For Christians who wish to be informed on matters of significance in the political arena but who are pressed for time, this article offers seven “go-to” sources for political news and opinion. The first five sources are secular outlets; I follow them to keep abreast of breaking news and a variety of perspectives on the news. The last two sources are distinctively Christian outlets that provide conservative evangelical opinions on current events and political developments.

The New York Times: My favorite description of the NYT comes from the great philosopher Dennis Miller who once said “the Times leans more to the left than a NASCAR driver on muscle relaxants, which is why they have worse circulation than Michael Moore in a Speedo.” That’s just about right, but the opinion page of the Times is well worth reading as it offers some very good writing, a peek into the opinions of the smart set, and a decent amount of diversity. Conservatives would gain perspective by reading Charles Blow and Paul Krugman (farther to the left than Sam Donaldson’s part), while liberals should read David Brooks and Ross Douthat (conservatives and wickedly good writers). For that reason, I pay for a subscription to the NYT, which allows me to sign up for the following mailers:

  • “First Draft,” a daily peek into “what you need to know today in politics.” It arrives in my email inbox at approximately 7:30 each morning and includes links to selected news and opinion articles.
  • “Opinion” mailer, which collects all of the day’s opinion pieces and arrives in the inbox at 3:00 p.m.

The Wall Street Journal: The WSJ does not offer as many daily opinion pieces as the NYT, but the ones they do offer are worth reading. It leans right. My favorites are Peggy Noonan and Kimberly Strassel. For this reason, I pay for a subscription to the WSJ, which enables me to subscribe to the following mailers:

  • Morning Editorial Report,” which arrives in the inbox at approximately 7:30 a.m., and includes a 24-hour cycle of editorials, commentary, columns and reviews.
  • The 10-Point,” Editor-in-Chief Gerard Baker’s 7:30 a.m. summary of the days important news.
  • Best of the Web,” James Taranto’s commentary on the day’s political news and opinion.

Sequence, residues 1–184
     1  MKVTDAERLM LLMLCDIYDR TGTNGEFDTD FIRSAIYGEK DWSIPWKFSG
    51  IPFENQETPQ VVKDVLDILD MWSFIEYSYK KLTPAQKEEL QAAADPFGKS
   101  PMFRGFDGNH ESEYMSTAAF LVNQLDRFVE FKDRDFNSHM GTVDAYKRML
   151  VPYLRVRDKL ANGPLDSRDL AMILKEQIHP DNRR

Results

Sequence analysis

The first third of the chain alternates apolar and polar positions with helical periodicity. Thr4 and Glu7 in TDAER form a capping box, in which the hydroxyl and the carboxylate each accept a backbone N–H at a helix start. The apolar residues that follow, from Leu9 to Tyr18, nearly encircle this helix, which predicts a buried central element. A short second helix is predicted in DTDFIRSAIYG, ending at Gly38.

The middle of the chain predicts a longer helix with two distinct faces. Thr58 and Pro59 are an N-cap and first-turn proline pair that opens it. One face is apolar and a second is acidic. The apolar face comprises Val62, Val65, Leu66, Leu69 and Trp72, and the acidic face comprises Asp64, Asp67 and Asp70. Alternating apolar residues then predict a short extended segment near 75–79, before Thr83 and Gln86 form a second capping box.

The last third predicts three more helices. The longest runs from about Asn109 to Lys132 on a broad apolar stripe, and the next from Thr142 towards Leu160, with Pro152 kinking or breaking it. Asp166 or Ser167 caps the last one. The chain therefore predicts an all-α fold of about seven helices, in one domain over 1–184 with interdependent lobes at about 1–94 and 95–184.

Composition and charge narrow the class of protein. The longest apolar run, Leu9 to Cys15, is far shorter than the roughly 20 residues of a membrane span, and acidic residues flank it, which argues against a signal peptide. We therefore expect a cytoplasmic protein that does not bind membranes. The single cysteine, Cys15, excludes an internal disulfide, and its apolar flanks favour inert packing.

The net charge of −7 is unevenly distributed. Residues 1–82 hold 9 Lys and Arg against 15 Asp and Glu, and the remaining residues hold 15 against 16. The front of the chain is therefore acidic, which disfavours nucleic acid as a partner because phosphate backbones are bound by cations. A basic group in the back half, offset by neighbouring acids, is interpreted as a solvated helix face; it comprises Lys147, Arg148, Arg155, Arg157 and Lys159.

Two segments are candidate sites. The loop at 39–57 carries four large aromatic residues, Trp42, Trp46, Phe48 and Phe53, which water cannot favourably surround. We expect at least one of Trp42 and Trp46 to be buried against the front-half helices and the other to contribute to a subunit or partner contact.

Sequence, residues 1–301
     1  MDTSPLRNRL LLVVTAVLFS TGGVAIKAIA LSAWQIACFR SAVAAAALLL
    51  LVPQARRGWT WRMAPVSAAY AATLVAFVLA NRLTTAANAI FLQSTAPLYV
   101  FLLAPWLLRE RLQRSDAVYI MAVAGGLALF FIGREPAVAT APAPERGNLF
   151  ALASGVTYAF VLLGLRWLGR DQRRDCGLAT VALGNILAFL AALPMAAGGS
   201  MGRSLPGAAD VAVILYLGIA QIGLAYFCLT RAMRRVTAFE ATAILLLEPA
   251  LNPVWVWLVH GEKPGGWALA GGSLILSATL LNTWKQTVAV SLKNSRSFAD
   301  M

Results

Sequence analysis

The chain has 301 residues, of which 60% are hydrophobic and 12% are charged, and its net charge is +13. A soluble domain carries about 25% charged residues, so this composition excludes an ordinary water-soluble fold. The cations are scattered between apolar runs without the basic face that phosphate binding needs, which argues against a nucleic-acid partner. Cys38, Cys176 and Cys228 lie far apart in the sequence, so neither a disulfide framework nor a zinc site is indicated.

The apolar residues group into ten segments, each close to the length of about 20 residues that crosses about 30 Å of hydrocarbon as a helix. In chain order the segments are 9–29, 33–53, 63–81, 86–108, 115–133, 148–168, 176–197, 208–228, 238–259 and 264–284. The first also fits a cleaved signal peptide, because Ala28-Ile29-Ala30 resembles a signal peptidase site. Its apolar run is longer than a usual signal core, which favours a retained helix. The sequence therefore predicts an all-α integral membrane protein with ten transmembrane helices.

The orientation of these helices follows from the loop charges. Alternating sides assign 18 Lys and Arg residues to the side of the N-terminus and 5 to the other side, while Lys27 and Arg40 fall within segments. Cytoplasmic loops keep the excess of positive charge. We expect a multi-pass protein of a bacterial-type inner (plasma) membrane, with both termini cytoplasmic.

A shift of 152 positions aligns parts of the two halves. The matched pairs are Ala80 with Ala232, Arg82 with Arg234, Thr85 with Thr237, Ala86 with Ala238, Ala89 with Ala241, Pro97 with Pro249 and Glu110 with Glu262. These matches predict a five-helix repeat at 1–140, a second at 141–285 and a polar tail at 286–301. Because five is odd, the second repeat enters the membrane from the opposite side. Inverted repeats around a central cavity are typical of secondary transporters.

Fox News: Fox offers 6-8 opinion pieces per day, which is less than either the NYT or WSJ, but those pieces are an important window into a wide range of conservative views. (Some of the opinions are farther to the right than a tricycler on the Autobahn, but others, not so much.) Fox tends to publish the pieces between 1-4 p.m. and no subscription is necessary.

Daily Signal: Published by The Heritage Foundation, The Daily Signal offers a generous number of political news and opinion pieces each day. It covers a wide array of issues, but seems to emphasize a few especially significant social and political issues, such as sanctity of life, religious liberty, free speech, and Constitutional interpretation. Very smart. No subscription necessary.

Politico: Politico is a very helpful alternative news source that is relatively neutral in its perspective. Media Matters for America has accused it of leaning right, while Daily Caller has accused it of leaning left. I subscribe to:

  • Politico Playbook,” a very helpful concise overview of political news and opinion. It links to numerous news and opinion pieces from both the mainstream and alternative media outlets.

The ERLC’s Website: The SBC’s Ethics and Religious Liberty Commission offers conservative evangelical commentary on leading news headlines and significant social, cultural, and political issues. Among its regulars are politican journalist Joe Carter, political scientist Matthew Arbo, legal expert Travis Wussow, policy experts Barrett Duke and Andrew Walker, and the ERLC’s president Russell Moore. Some of the most helpful features of the website are:

  • Canon & Culture, an online journal addressing issues at the intersection of Christianity and the public square.
  • Issue Briefs, which, er, provides a brief of controversial political issues.
  • Video Explainers, which are 2-3 minute videos addressing significant and sometimes controversial issues from an evangelical perspective.

Albert Mohler’s Website: Mohler offers conservative evangelical cultural commentary from a conservative evangelical perspective. The website gives access to:

  • The Briefing,” a podcast with Mohler’s “daily worldview analysis about the leading news headlines and cultural conversations.”
  • Thinking in Public,” an interview forum for intelligent conversation about frontline theological and cultural issues.
  • Articles,” a written analysis of critical issues.

Of course, I would not be offended if you visited my website which is focused on “Christianity for the common good.” I write on politics and public life more than anything, but also from time to time on marriage and family, work and leisure, culture and education, and church and mission. My goal is to create thoughtful and helpful content that is faithfully Christian and can be put to work in the public aspects of life. If you are a person interested in how Christianity applies to public life in its many facets, this is the blog for you.


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